Photo by Kelsey Winterkorn
Saturday nights in San Francisco rarely prove to be anything else but eclectic, exciting and a little bit extraordinary. The City by the Bay boasts one of the most diverse and all-encompassing arrays of tastes and sounds of any metropolitan area, not just in the national and international talent it brings in, but also in the plethora of local flavor it produces. Whether you’re looking for jambands and indie rockers or burgeoning electronic-rockers like BLVD and the innovative purveyor of West Coast dub step Tigran Mimosa, the Bay is in somewhat of a post-modern musical Renaissance. On this particular Saturday night, San Francisco’s The Independent played host to the aforementioned BLVD and Mimosa, along with opener Majitope, for one of the most impressive showcases of local talent I’d witnessed in some time.
Arriving shortly after Mimosa hit the stage to an elbows-to-elbows packed crowd, immediately the excited, hometown appeal could be felt throughout. The Independent’s intimate confines were colorfully filled with that decidedly Burner-esque feel that is San Francisco on the weekend: a decadently colorfully collage of hipster, hippie and hip hopper all bobbing and weaving to Mimosa’s deep bass filled barrage of dub step, littered delicately within melodious sound-scapes. Performing an hour or so set of carefully crafted mixes of West Coast dub step meets soulful swagger, his super energized set brought the crowd of roughly 500 into a heaping mass of sweat, fist pumps and fiery fervor.
By the time BLVD hit the stage, the room was so animated with anticipation that the roar of the trio hitting the stage was almost deafening. I’ve had the opportunity to see BLVD several times over the last few years, watching them grow and mature as a band along the way. Whereas as a year or two ago I would have labeled them Up and Coming, today I would say they’ve finally arrived. Fresh out of the studio from recording their 5th album with famed producer Jeff Saltzman (The Killers, The Black Keys, Fischerspooner), the trio of Dylan McIntosh (drums), Tripp Bains (bass) and Curtis Sloan (guitar) hit the ground running, offering an immediate dance party aroma that left few feet unmoved. After just a few minutes it was clearly evident that the band has worked tirelessly on both song composition and live group interplay. The rhythmic combination of McIntosh and Bains paved the way and provided that deep, pulsating electro pocket for guitarist Sloan to pepper mounting flavor and texture on top. By the time BLVD’s MC Souleye joined his crew on stage, The Independent became a passion fit of LED’s and booming beats complemented by Souleye’s lyrical versatility and onstage persona. Packing the first half of their set with fresh cuts from their upcoming release, Return to Center, BLVD showed that new songs like “Perfect Fit,” “The Wire” and “Cloud Nine” have luxurious legs just waiting to stretch out in the live setting.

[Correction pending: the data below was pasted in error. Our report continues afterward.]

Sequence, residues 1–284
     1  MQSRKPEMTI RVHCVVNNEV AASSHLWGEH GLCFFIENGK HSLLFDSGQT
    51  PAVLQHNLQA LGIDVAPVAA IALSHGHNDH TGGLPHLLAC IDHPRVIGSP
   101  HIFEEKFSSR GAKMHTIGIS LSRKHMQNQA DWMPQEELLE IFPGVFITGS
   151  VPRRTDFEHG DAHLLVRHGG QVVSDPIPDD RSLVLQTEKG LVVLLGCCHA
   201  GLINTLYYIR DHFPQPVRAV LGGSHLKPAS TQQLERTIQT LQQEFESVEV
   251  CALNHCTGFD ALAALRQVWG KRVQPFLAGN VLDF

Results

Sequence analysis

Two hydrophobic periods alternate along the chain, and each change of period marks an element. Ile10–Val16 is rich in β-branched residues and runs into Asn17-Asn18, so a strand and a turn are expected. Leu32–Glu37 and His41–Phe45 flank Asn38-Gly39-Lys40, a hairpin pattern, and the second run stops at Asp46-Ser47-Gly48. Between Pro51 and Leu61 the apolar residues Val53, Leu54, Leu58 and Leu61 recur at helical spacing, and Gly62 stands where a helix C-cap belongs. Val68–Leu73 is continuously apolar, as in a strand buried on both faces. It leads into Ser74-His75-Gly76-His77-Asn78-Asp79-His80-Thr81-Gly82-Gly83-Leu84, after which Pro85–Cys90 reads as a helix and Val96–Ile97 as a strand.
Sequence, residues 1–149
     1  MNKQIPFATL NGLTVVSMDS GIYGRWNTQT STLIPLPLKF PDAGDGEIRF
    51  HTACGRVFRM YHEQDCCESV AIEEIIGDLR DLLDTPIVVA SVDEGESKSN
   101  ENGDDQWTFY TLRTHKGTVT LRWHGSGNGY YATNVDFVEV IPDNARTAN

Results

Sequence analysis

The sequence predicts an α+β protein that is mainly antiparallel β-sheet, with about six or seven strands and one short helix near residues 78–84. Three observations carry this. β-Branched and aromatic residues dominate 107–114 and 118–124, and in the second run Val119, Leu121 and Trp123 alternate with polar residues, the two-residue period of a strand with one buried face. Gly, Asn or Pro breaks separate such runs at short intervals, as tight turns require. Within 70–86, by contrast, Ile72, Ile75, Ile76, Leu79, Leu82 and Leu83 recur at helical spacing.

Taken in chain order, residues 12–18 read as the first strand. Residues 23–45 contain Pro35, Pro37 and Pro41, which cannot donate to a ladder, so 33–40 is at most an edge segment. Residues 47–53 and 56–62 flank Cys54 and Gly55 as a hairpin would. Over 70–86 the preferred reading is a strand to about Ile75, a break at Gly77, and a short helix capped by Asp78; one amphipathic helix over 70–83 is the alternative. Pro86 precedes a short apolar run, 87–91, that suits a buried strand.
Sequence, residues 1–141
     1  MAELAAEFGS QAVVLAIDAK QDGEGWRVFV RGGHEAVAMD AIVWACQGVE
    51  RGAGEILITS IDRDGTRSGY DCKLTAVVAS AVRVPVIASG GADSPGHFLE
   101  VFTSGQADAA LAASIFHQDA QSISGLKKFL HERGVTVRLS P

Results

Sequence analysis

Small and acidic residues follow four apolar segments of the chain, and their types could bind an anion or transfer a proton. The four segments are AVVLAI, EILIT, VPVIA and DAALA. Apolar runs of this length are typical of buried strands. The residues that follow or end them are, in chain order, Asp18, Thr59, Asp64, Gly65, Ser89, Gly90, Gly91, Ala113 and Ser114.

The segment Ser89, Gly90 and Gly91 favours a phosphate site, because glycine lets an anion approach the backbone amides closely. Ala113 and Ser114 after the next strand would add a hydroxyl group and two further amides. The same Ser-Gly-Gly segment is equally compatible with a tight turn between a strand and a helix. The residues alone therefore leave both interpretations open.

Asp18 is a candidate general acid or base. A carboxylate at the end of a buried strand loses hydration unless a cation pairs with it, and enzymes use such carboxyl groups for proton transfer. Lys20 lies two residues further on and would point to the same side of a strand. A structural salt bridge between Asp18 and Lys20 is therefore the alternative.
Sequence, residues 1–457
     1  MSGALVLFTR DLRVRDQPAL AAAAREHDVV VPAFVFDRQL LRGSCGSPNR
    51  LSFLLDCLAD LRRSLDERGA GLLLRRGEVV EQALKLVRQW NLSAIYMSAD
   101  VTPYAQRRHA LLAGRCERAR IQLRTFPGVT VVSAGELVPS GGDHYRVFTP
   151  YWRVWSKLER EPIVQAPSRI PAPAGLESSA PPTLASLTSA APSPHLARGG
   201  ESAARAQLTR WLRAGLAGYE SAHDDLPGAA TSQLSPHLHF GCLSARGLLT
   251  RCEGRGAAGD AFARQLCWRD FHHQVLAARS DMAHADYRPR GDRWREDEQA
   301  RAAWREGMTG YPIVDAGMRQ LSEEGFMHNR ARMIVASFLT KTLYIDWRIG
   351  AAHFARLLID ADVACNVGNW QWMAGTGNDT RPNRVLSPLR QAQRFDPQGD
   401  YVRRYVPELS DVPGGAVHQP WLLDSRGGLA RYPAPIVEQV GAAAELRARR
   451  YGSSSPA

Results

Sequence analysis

It’s intriguing to see how the group balances their instrumental, driving electronic progressions with their MC-fueled, more rock-based sister sound on songs like “Music is My Medicine” and “Stamina.” On this night, the crowd seemed to lean more towards the former, erupting with BLVD’s ability to lift off and delve deeply into a refreshingly original sonic space that coupled concise compositional parts with exploratory excursions into a unified, effect-laden interplay. Incorporating funky bass licks and intelligently placed samples and loops with a clear chemistry and ability to build to a peak of tension, then release, the band tackled material from all their previous albums as well as several new, unreleased cuts with ease. 2010 is off to a great start for BLVD, with New Year’s spent playing in Fiji, followed by an extensive Australian Tour and now on to a club near you. I wouldn’t pass up the chance.